In the last week or two, I’ve been hitting a rough spot in my writing practice. I don’t feel like I’m making progress on anything…more searching for something to work on, for all that I have several tasks that require my attention. I’ve not been particularly disciplined in working, either: I do sit down to work and do some writing, but when I get stuck I have very little patience to push on in the attempt to make more progress.
This is less than ideal. It would certainly be preferable to be consistently productive, consistently disciplined, and consistently focused. But that’s not how it is, and there’s nothing I can do to go back and change what has already happened. My best hope is to do better in the future.
Even looking back, I still keep attention on the little that I did do—I may not have done much, but I’m happy to say that I have done something. That’s a place to start—I didn’t completely get stopped. It’s nice to be able to look back and count any positive progress or outcomes, even if that positive progress was small. And, from the perspective of practicing—the perspective concerned with writing as an activity carried out habitually and regularly for the purpose of improving skill—the fact that I engaged with the practice of writing at all is a bit of a win. Being able to look back at a period of time and try to identify positive actions taken can be useful. Having practiced a little is better than not having practiced at all.
But even if I had gotten nothing done for weeks previously, I can still look to the future with some hope: perhaps I wasn’t regular in working in the past, but with persistence, I can develop such a practice. All it really takes is persistence, and some reasonable moderation.
If you want to develop a long-term practice, it’s important to recognize that there are ups and downs in any practice. There are days when things come more easily than others. And on the days that things don’t come easily, it’s important to remember that those bad days help set the foundation for the good days. Persisting through bad days helps keep projects moving, even if the progress is minimal in the immediate present. Persisting helps keep up the momentum on a project, which is valuable.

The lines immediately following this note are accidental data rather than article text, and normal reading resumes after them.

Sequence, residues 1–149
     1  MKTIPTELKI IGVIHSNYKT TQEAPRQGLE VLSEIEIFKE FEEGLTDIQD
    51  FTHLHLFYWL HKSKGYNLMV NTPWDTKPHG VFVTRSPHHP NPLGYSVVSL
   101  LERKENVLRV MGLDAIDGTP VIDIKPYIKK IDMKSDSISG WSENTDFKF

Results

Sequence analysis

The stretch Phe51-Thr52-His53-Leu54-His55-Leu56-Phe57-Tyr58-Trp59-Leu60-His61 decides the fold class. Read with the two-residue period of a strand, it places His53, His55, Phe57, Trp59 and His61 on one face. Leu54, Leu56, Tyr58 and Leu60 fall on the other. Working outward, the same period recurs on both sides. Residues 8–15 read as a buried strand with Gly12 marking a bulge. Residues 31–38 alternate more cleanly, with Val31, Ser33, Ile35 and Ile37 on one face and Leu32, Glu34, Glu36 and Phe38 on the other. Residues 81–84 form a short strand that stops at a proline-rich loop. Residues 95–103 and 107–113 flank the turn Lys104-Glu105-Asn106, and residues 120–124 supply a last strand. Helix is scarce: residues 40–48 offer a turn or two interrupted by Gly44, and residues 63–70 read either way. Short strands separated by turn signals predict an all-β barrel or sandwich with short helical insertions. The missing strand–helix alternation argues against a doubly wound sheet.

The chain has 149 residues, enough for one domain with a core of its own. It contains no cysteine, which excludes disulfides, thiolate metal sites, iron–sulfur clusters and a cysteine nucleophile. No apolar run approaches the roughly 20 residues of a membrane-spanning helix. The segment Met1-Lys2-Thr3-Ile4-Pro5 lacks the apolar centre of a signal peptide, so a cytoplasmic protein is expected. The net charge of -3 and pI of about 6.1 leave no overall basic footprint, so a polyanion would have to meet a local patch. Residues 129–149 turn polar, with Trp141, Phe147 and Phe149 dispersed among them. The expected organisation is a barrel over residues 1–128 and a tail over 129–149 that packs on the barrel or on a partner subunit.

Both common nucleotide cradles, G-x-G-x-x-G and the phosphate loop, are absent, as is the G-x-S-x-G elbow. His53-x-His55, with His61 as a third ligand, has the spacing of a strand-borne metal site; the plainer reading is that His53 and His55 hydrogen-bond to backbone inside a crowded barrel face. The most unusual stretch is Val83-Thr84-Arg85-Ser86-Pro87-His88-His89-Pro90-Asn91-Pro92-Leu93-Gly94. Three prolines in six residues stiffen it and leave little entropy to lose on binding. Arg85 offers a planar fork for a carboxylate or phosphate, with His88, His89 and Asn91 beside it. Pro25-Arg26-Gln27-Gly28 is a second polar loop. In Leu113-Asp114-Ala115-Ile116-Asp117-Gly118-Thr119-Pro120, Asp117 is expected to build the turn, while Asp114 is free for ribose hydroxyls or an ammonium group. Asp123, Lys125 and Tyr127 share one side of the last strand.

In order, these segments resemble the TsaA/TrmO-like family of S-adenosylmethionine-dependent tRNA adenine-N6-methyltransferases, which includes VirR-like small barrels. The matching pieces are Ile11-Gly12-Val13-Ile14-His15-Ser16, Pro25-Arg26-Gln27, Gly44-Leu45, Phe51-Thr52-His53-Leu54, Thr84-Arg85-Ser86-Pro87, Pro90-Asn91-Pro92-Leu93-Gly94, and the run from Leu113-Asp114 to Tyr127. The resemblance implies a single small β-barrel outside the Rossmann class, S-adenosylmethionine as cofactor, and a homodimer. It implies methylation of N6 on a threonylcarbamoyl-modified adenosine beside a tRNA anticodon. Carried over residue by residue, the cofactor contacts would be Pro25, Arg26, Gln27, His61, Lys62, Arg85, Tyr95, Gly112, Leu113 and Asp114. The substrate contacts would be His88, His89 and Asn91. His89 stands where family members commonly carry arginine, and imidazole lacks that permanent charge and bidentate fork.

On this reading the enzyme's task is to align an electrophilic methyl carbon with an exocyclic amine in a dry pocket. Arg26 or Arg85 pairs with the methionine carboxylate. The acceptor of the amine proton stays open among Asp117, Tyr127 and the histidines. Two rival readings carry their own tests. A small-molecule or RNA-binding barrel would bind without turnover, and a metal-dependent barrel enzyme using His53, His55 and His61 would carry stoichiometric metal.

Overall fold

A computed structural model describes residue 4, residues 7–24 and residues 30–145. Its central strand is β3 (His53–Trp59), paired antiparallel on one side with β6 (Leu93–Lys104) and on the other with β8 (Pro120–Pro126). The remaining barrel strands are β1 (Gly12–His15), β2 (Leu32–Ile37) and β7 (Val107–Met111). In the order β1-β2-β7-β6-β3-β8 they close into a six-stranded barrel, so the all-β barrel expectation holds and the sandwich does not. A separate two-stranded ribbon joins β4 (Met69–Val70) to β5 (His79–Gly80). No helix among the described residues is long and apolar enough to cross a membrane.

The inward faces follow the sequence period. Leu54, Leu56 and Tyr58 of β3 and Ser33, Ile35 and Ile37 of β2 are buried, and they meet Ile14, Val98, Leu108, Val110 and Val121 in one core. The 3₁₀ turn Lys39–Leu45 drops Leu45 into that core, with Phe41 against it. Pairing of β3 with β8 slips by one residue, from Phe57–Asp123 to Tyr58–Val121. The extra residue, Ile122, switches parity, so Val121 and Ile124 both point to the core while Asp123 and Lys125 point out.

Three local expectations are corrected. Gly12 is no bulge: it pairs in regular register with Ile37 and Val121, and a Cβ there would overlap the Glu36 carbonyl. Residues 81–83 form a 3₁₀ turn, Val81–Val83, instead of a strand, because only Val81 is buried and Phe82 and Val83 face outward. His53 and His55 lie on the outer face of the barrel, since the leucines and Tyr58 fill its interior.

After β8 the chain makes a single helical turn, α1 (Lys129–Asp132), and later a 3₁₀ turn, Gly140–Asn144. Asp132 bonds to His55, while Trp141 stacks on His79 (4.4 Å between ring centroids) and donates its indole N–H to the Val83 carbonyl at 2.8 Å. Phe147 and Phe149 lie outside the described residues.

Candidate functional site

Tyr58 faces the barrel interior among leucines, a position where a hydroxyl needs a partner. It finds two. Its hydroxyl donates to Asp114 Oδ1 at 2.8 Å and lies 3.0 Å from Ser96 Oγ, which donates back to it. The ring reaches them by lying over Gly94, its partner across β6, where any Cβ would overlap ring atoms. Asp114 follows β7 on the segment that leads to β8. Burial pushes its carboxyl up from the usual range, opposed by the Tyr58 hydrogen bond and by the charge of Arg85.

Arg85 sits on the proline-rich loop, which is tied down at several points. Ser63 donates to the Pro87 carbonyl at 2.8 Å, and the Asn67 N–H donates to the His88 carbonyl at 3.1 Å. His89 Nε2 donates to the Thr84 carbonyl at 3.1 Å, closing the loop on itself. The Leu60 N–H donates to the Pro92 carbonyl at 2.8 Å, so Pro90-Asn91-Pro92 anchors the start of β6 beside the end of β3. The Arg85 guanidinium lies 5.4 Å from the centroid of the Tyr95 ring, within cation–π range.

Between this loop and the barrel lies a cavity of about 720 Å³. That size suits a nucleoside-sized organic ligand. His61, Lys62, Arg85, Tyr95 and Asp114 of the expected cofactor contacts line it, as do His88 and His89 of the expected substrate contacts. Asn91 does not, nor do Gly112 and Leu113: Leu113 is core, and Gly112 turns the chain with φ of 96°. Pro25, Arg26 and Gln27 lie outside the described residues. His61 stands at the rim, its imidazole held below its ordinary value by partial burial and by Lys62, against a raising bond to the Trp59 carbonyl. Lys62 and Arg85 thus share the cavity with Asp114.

I was speaking with a writer who had a death in the family. This quite reasonably interrupted the writing practice, but what then is the next step? Well, persistence, of course. Getting back to the process is what’s important, not looking bad and regretting the lost time. Given the significance of a death in the family, it’s totally reasonable to lose time to grieving and to family gatherings to celebrate the person and mourn their loss. If some extreme and unusual event prevents writing, well that’s ok, too. But all the while, one can maintain an underlying idea of persistence—the notion that in the long run, it’s necessary to persist through the interruptions and distractions., but also that, if one maintains the long-term practice, then those unusual interruptions won’t actually pose a danger to the larger practice.
Keeping any eye on the importance of persistence is crucial after an interruption because after an interruption, there are two common responses, one is to shrug off the interruption and get back to work. The other focuses on the interruption and on the lost time, and often turns that focus into critical self-judgement that then inhibits future work.
The persistent attitude can be flexible—it can decide to return to an interrupted project because that’s the place of persistence. Rather than letting the bad result—slow days or days with no work—dictate future behavior, the attention focuses on what can be done to keep moving. One small step at a time, but persistently!